A teacher asked me an interesting question this week. He wondered if the willingness to collaborate with peers decreases with years of experience in the classroom. Those first few years, you need all the help you can get. You reach out to others, grab onto any piece of quality curriculum you can steal as if it were a life raft, and do what you can to keep growing in your profession. At some point, however, you have the basics under your belt and have a certain amount of comfort in doing what you do. It grows into an attitude of "If it ain't broke, don't fix it." Shutting your classroom door to the outside world becomes the norm.
It's an interesting point to ponder. In my experience, I would say that secondary teachers are more prone to becoming independent contractors than their elementary peers. I admit that it's easy enough to do. There's quite the wolfpack baying at the doors of the classroom: concerns from admin, parent issues, community needs, legislative mandates, and more. Why not give in to the temptation to just close one's door and stick with what you know?
I see a couple of problems with this. First of all, the teachers I know who strike this particular attitude also have a good number of unsuccessful students. It doesn't mean that what happens in their classrooms is bad teaching, but it also isn't reaching every kid who needs to learn. I would think that they'd want to expand their repertoire a bit to support children. The second impact is far more problematic in my mind: there are always some teachers who crave a collaborative environment and are being stifled or driven from the profession due to the frustrating lack of community.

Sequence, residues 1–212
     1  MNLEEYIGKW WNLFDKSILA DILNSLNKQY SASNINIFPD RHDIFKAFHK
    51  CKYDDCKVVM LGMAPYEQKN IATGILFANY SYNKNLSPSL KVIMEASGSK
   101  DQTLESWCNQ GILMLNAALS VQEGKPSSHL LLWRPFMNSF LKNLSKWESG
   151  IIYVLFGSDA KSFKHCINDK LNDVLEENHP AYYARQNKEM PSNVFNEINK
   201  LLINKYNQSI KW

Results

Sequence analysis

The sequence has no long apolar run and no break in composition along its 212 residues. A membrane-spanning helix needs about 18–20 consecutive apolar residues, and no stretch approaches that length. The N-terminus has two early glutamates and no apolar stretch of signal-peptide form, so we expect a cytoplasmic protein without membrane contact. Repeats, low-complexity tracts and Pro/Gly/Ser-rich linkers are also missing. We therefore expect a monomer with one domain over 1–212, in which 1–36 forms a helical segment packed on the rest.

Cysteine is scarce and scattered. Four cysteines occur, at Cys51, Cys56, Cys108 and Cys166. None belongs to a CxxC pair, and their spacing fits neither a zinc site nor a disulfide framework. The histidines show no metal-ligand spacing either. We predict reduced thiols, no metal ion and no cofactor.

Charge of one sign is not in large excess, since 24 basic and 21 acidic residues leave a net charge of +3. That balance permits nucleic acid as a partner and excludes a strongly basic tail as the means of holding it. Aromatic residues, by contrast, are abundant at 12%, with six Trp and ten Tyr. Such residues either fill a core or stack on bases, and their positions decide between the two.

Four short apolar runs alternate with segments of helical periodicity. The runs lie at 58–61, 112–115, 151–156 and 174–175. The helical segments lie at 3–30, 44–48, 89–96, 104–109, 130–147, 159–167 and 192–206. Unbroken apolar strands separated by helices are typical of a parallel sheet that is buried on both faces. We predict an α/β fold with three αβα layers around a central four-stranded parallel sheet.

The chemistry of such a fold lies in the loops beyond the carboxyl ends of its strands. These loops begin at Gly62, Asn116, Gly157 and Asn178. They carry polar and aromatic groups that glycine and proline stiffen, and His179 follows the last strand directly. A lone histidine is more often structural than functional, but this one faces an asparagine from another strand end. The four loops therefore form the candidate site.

I think that those teachers who do maintain that sense of intellectual curiosity for the classroom over the span of their careers are also those who look for opportunities outside of the classroom at one point or another. Some move to administration. Others find different types of leadership opportunities. I believe that their goals are to find ways to make positive change happen and to build the kinds of places where familiarity breeds neither contempt, nor isolation, but real learning for teachers and students.